Again, what is the security benefit here?  It is one thing to control DC communications outbound from the perimeter.  It is another thing to suggest that X port is more secure than Y port, especially when we're talking about ports upon which DCs are listening.  If your compliancy team is worried about rogue applications listening on DCs, you have bigger problems..like rogue applications existing on your DCs, presumably put there by rogue agents who now have control over your entire

The primary effect of “locking down” a DC in this way is not to improve security, but to mandate the creation or modification of some document with fine print, “Don't forget to add these registry keys to avoid an outage”, that will inevitably be lost during turnover.  Furthermore, going too far can lead to port exhaustion, another type of outage. 

  • Don't restrict AD/Netlogon to static ports without exhaustively discussing the risks involved, and heavily documenting it.
  • Don't restrict the RPC dynamic range without exhaustively discussing the risks involved, and heavily documenting it.
  • Do restrict inbound/outbound perimeter traffic to your DCs.

“Hey, you said multi-day or multi-week outages.  It's not that hard to fix replication!”

It is true that once you've found the network issue preventing that it is usually an easy fix.  However, if the “easy” fix is to rehost all your global catalog partitions with tens of thousands of objects on 90+ DCs, requiring manual administrative intervention, and a specific sequence of commands because your environment is filled with lingering objects, you're going to be busy for a while.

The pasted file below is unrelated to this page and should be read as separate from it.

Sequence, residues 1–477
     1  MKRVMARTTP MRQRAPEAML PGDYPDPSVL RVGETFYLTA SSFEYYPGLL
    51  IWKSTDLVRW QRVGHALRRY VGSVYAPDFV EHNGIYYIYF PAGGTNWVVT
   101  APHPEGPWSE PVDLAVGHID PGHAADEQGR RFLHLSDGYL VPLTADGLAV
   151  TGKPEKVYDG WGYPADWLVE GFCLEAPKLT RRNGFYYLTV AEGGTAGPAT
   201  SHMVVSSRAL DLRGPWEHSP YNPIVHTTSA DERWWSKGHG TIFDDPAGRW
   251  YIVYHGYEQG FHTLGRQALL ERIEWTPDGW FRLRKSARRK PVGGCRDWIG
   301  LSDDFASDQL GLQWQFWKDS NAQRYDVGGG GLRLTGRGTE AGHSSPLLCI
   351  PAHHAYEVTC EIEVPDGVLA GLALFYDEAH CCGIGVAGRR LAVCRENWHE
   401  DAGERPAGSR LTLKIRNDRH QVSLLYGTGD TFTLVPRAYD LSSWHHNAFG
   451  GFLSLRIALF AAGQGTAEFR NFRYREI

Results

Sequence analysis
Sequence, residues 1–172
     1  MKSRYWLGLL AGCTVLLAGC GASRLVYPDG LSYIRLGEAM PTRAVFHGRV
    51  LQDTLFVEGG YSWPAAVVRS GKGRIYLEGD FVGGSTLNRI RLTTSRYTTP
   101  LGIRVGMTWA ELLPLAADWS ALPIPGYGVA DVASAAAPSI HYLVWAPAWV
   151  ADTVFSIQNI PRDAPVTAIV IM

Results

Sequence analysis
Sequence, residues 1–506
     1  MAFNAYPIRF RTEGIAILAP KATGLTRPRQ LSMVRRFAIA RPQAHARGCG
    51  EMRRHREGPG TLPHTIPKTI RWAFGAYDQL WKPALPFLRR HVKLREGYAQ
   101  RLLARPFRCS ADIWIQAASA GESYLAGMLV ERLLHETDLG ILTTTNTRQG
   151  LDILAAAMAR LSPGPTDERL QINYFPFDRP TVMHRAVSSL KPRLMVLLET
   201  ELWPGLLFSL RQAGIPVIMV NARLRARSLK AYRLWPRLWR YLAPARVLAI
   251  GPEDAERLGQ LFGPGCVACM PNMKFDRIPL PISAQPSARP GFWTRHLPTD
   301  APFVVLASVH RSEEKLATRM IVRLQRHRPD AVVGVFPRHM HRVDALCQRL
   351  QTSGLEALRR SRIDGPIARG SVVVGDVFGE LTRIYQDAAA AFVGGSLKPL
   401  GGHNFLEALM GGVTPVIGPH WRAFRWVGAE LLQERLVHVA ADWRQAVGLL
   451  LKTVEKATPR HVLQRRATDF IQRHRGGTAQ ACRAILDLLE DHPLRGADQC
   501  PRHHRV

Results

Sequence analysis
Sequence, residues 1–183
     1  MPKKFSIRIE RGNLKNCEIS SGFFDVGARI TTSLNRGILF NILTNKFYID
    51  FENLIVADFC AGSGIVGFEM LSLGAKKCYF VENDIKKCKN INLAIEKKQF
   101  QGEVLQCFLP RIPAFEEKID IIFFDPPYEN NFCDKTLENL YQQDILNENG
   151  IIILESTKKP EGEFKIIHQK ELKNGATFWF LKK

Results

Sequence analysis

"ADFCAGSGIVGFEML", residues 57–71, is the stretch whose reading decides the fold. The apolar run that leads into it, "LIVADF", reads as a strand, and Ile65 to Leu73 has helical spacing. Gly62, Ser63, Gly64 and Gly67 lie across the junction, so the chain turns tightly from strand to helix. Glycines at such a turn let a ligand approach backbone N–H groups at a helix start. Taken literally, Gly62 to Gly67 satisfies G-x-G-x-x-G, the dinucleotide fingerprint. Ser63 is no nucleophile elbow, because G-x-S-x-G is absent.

Wrapping it up

As the venerable Aaron Margosis said, “…if you stick with the Windows defaults wherever possible or industry-standard configurations such as the Microsoft Windows security guidance or the USGCB, and use proven enterprise management technologies instead of creating and maintaining your own, you will increase flexibility, reduce costs, and be better able to focus on your organization's real mission.

Security is critical in this day and age, but so is understanding the implications and reasons beyond some check box on an audit document.  Monitoring is also critical, but of little use if polluted with noise.  Remember who will be mainlining caffeine all night to get operations back online when the lingering objects start rolling in, because it will not be the people that click the “scan” button once a month…

References

Creating a Site Link Bridge Design | Microsoft Learn

“Lag site” or “hot site” (aka delayed replication) for Active Directory Disaster Recovery support – …

You Are Not Smarter Than The KCC | Microsoft Learn

Configure firewall for AD domain and trusts – Windows Server | Microsoft Learn

RPC over IT/Pro – Microsoft Community Hub

Remote Procedure Call (RPC) dynamic port work with firewalls – Windows Server | Microsoft Learn

Restrict Active Directory RPC traffic to a specific port – Windows Server | Microsoft Learn

10 Immutable Laws of Security | Microsoft Learn

Sticking with Well-Known and Proven Solutions | Microsoft Learn

Chris “Was it really worth it” Cartwright

 

This article was originally published by Microsoft's Directory Services Team. You can find the original article here.